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May Advocate 2017

384 V O L . 7 5 P A R T 3 M A Y 2 0 1 7 THE ADVOCATE angry voice. Honestly. Try it. Out loud. Ask other people to try it. You and they have failed. There is no anger in sparkling water. It erupts from the depths of the glass, rises majestically to the top and bursts forth without compromise! Bubbles simply lighten your mood in a way that something from the tap cannot. As a general rule we should not drink what we bathe in. Although we should drink what the Romans bathed in (see below). The power of a glass of sparkling water is apparent the moment it arrives. The sheer mystery of where the constant stream of bubbles even comes from can keep you and your guest mesmerised for the entirety of the meal. No one likes to waste $9.00 on a bottle of San Pellegrino and leave two full glasses on the table, so the next best thing to watching the carbon dioxide dance is to taste it. Raising a glass of sparkling water to one’s lips is one of those anticipatory pleasures that must be experienced to be understood. The best part is actually before you taste it. Your mouth goes all tingly. Perhaps your nose or top lip will be tickled, and some more aggressive versions will gently spray your eyes or even your eyebrows and forehead. It can be most refreshing. The important thing is to DO IT! Order sparkling water. The most famous of the natural sparkling waters is Perrier, captured at its source in Vergèze, France located in the Gard département. Gard is one of the original 83 départements (or administrative regions) created during the French Revolution on March 4, 1790. It was formed from the ancient province of Languedoc in an area known for the Romance language Occitan. Located in this region is a spring originally known as Les Bouillens, the Occitan word for “bubbling spring”, which had been used as a spa since Roman times. A local doctor named Louis Perrier bought the spring in 1898 and ran a commercial spa there. He also bottled the water for sale. Perrier sold the spring to St. John Harmsworth, a British tourist and the younger brother of Lord Northcliffe and Lord Rothermere. Harmsworth marketed the product heavily in the UK as the “champagne of mineral water”. It took off as a chic product and the rest, “c’est l’histoire”, as they say. In 1992 Perrier was purchased by Nestlé. Another natural sparkling water is the aforementioned San Pellegrino, also owned by Nestlé but sourced in Bergamo, Lombardy, Italy. San Pellegrino has a 600-year history having been sampled by no less a celebrity than Leonardo da Vinci in 1509. By 1899 as many as 35,000 bottles were being produced and exported to cities such as Cairo, Tangiers, Shanghai and Calcutta as well as parts of South America, the United States and points antipodean. Meanwhile, in Germany in 1888 carbonated water was discovered during a drilling operation by Wilhelm Castendyck. The resulting mineral water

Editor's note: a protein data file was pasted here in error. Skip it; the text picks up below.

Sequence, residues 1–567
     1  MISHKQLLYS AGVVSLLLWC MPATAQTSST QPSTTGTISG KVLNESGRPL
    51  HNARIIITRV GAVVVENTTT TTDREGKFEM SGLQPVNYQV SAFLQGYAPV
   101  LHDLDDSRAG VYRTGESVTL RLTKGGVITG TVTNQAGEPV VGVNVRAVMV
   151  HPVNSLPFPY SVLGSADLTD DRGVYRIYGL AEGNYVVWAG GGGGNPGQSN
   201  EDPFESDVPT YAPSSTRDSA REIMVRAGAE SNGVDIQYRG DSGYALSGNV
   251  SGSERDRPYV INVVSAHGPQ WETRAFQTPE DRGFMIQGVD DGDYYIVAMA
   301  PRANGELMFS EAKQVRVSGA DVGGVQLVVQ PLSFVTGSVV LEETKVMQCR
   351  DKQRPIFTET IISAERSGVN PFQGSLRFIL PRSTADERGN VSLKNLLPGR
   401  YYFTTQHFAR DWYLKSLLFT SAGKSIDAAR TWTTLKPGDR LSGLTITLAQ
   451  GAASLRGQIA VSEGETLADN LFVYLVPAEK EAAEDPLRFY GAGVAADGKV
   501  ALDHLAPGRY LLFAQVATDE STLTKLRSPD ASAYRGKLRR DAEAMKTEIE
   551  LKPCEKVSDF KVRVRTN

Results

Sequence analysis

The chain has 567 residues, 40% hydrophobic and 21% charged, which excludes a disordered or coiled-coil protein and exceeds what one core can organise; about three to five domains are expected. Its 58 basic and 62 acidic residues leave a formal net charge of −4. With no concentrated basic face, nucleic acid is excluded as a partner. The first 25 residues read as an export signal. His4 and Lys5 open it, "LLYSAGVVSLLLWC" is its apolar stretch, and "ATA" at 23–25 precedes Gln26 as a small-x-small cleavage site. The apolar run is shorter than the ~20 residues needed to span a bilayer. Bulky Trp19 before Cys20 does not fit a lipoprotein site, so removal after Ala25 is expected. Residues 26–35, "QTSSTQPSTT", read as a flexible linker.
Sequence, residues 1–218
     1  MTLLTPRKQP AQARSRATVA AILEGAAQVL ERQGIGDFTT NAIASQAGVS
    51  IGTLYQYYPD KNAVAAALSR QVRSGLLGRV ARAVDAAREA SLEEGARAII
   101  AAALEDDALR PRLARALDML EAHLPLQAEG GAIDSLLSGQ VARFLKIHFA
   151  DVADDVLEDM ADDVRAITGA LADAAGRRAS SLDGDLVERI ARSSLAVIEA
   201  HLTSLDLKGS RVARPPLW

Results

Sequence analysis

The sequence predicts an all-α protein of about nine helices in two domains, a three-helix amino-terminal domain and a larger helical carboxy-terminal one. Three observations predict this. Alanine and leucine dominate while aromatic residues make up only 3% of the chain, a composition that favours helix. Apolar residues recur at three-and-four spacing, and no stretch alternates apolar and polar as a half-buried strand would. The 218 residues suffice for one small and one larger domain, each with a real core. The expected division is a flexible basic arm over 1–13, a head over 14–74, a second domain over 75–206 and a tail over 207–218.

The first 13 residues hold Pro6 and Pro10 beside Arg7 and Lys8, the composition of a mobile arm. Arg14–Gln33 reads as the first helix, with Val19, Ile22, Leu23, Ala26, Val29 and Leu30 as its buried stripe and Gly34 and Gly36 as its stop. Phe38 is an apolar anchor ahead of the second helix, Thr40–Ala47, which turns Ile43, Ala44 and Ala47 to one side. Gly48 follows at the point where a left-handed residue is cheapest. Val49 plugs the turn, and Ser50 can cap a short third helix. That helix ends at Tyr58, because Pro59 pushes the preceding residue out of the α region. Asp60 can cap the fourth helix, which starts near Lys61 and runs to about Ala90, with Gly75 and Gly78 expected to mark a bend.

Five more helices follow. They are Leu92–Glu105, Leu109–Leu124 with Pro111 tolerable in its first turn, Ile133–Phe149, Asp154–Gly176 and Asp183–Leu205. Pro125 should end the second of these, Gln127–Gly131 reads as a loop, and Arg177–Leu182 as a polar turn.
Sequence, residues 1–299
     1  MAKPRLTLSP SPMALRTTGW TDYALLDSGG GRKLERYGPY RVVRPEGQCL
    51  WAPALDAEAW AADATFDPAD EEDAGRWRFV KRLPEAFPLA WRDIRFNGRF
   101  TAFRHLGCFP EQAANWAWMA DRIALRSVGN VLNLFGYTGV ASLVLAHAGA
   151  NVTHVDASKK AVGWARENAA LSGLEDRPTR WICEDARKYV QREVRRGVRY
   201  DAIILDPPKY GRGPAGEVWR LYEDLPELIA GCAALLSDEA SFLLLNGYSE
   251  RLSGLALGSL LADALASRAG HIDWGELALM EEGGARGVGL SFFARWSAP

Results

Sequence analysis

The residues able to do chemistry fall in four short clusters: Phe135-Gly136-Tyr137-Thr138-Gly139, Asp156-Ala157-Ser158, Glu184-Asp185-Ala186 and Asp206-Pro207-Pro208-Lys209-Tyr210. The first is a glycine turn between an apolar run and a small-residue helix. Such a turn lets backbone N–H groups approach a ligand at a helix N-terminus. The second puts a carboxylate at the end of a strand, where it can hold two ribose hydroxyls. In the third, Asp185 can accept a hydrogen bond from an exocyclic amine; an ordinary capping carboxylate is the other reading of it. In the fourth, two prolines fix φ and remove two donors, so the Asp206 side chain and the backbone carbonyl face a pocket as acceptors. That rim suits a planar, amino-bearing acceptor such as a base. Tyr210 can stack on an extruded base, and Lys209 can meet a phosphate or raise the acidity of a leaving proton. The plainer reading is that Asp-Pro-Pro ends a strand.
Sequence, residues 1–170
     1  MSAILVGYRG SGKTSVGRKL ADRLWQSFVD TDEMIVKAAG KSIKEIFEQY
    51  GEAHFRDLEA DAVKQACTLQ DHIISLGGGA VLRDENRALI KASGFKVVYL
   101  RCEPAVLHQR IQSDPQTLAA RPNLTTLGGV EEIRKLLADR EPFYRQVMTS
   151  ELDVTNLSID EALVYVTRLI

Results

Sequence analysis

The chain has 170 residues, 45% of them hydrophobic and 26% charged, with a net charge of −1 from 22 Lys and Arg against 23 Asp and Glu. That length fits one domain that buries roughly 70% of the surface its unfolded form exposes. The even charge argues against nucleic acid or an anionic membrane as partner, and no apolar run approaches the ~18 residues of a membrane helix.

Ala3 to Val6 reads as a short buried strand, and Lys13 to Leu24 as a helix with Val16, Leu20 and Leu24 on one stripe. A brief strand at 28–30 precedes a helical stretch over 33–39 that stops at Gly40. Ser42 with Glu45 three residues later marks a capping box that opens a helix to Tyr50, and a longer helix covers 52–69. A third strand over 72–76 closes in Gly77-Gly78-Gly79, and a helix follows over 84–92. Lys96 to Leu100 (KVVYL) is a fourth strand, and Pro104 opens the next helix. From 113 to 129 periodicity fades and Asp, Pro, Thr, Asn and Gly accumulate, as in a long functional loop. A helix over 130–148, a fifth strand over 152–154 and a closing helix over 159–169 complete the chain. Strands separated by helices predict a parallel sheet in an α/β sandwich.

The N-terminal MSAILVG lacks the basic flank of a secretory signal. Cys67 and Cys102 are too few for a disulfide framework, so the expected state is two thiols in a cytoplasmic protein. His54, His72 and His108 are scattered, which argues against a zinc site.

May Advocate 2017
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